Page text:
How to Grow Patola
Patola or luffa (scientific name) is commonly planted as vegetable or for food. According to scientists, it contains calcium, iron and plenty of phosphorus.
There are two kinds of patola:
- One is the many-sided which is inherently ours and the other is the cylindrical type which is called “patolang Kastila.”
- Our local version is the sweeter kind.
Patola is not difficult to grow, but it likes loose, sandy soil, fertile and does not lodge water. It may be planted at any time of year, but there are more flowers, and fruits are bigger when the weather is cool.
Patola is planted two times a year: from March to May and from October to December. But if the fruits will be made into luffa, it is better to plant it in October-December so the harvest falls in summer. Ordinary patola is planted directly in the field; but if it is not in season, plant first in plastic bags (perforated at the bottom) and then latter transfer to the field when it will be needing trellises to climb on.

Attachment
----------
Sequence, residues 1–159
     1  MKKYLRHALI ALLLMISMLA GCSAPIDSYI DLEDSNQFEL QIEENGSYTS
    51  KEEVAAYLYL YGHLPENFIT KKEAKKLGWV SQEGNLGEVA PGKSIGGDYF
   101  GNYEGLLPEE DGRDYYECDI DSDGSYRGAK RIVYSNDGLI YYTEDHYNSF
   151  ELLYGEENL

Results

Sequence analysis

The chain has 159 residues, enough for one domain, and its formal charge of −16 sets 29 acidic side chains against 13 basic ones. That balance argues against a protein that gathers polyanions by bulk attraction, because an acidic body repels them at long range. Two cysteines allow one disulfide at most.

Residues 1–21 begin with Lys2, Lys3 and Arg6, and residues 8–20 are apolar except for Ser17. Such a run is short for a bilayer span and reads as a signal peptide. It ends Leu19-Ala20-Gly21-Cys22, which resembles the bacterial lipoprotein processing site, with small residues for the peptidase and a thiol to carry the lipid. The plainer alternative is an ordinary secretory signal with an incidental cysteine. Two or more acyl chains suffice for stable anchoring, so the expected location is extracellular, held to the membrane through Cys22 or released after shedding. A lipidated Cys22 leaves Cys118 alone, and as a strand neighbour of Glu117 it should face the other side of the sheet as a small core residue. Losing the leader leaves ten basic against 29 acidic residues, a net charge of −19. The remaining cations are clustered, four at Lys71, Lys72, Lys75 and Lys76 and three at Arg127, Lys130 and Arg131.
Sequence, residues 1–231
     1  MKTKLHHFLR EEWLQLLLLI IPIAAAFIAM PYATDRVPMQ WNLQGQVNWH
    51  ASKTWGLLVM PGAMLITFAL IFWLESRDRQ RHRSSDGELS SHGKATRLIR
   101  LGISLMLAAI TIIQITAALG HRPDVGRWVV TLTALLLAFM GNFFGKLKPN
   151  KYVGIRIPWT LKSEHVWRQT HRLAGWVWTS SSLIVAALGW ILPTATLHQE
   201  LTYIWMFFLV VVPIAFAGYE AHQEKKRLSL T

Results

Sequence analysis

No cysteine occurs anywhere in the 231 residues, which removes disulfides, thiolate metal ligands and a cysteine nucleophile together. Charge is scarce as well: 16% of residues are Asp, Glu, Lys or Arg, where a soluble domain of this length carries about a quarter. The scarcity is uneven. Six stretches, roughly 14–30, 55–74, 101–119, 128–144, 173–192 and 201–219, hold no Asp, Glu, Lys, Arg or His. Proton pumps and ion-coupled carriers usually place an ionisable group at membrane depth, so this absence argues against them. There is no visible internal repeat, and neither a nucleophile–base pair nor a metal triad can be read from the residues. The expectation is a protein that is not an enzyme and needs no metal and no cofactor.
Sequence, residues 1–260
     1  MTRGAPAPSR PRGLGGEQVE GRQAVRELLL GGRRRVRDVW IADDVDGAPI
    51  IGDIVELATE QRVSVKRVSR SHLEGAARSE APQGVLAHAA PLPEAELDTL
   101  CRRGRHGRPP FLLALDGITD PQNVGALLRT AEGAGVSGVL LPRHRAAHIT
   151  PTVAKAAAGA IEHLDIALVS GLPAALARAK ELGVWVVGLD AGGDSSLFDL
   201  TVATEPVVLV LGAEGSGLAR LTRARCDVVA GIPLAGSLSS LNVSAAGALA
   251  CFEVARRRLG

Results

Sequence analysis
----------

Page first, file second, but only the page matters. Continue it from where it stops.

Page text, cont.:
- Plow the field and clean 2-3 times, with 7 days interval.
- Dig trenches 3 meters apart from each other.
- Plant the seed in the soil at 3 x 3 (or 2m) meters apart.
- Set bamboo poles or posts in rows about 3 meters long and 3 meters apart. Tie strings or wire from post to post about 3 weeks after germination of seeds. Patola will bear fruit even without trellis, but many fruits will turn out in bad shape.
- Patola needs watering. Dig canal for irrigation about 1Â½ meters from the plant or between trenches.
Apply composting animal manure
About 3-4 months after planting, or 45-50 days after flowering, patola can be harvested.
A hectare of patola can yield about 10,000 pieces or more, depending on how well the plants have been maintained.
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